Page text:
11 January 2021

Visas or no visas?


It has recently been reported that 'the UK [has] rejected an offer of visa-free tours by musicians to EU countries, despite [previously] blaming Brussels for what the industry is calling the devastating blow of them requiring permits. The composer Michael Berkeley proposes to raise this in the House of Lords.

'A “standard” proposal to exempt performers from the huge cost and bureaucracy for 90 days was turned down, The Independent has been told – because the government is insisting on denying that to EU artists visiting this country.

'“It is usually in our agreements with third countries, that [work] visas are not required for musicians. We tried to include it, but the UK said no,” an EU source close to the negotiations said.'

The Incorporated Society of Musicians (of which I am a member) comments:

‘If these reports are true then we are looking at a serious breach of trust after the Government provided multiple assurances throughout 2020 that they understood the importance of frictionless travel for UK musicians and would be negotiating an ambitious agreement to achieve this objective.

‘We join the call with leading UK businesses that trade negotiations with Brussels should restart to address the serious regulatory challenges facing many industries, and a better deal for UK musicians should be included in those talks. We need complete transparency on what was discussed during the negotiations and an urgent statement in the House of Commons outlining what steps the Government are taking to protect our world leading performing arts sector.’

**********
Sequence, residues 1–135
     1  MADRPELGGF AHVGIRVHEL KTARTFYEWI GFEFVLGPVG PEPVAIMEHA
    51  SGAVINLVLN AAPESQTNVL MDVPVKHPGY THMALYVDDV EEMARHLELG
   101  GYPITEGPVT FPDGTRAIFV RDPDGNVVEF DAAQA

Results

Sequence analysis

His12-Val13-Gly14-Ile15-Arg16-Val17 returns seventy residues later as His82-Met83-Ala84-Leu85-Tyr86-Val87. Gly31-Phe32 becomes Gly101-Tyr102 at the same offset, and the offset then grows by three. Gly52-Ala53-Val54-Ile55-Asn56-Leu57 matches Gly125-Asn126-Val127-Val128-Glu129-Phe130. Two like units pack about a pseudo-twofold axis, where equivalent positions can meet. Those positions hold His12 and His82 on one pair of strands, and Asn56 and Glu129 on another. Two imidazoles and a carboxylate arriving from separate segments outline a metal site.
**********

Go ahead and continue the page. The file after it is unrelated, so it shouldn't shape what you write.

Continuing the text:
On the classical music blog SlippeDDisc, Robert King writes:

'Thank you so much to Michael Berkeley: behind the scenes (and in this case, in front of them) he and a handful of other members of the House of Lords continue to try to hold the UK government to account.

'All power to Michael’s elbow (and to that of the ISM, MU, ABO, IAMA and all the other major representative bodies fighting for UK performers to continue to be able to make a living), because the cost of a visa for (say) a member of a chamber orchestra heading off for a day to perform at a European concert hall is now all but prohibitive. As example, a visa to perform for one night in Germany will cost €80 per person, plus attendance at the embassy to get this visa assigned (so that’s another half day – more if you live outside London: a half day during which you can’t earn or work). If a tour covers more than one country, each country has a different set of criteria: apparently a visa for Spain currently has a waiting list of many months. So a four concert tour across four countries (a typical scenario) could see several days in advance spent queuing for visas (no earnings for those days), plus hundreds of pounds of cost for each performer.

'“Oh, they can afford it”. No: most of them can’t! For a section violinist or chamber choir singer whose daily touring fee may be around £150, to have to add another unpaid half day (to queue up) plus €80 for the visa – multiply that for each separate country – makes such dates and tours, which are the lifeblood of many a freelance orchestral player or choral singer, all but impossible.

'Across the UK classical music sector, with dozens of symphony and chamber orchestras, chamber choirs and instrumental ensembles doing such dates, in a typical year we are talking many millions of pounds of income which used to come into the UK economy. All these dates are now at serious risk. Whatever people may feel about the UK “taking back control”, there are no winners here.'

 

Using the statements from the ISM (of which I am a member) and Robert King as a basis, I have written to my MP. Others may wish to do likewise.

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